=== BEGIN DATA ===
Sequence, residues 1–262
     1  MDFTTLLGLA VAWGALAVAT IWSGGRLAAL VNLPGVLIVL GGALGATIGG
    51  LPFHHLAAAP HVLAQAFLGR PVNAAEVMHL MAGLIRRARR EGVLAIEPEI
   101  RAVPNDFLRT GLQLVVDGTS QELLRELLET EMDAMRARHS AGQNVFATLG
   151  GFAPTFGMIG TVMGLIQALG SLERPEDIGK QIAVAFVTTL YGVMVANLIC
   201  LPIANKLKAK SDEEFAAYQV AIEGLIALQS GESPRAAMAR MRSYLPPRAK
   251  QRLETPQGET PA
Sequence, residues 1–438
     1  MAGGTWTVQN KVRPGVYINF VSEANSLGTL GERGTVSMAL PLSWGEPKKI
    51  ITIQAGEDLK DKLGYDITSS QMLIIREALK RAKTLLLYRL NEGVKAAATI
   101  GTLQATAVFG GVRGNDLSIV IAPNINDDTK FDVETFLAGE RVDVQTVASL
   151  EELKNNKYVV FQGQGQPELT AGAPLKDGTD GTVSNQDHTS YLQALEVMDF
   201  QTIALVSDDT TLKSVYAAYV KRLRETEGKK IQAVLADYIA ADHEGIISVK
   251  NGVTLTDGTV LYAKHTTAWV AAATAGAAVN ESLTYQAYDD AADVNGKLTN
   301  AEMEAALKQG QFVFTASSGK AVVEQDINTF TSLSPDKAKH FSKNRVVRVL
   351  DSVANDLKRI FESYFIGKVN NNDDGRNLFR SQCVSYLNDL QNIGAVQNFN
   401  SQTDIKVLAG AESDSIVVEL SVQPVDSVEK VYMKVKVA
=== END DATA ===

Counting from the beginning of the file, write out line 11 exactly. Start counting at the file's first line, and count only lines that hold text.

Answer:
   101  GTLQATAVFG GVRGNDLSIV IAPNINDDTK FDVETFLAGE RVDVQTVASL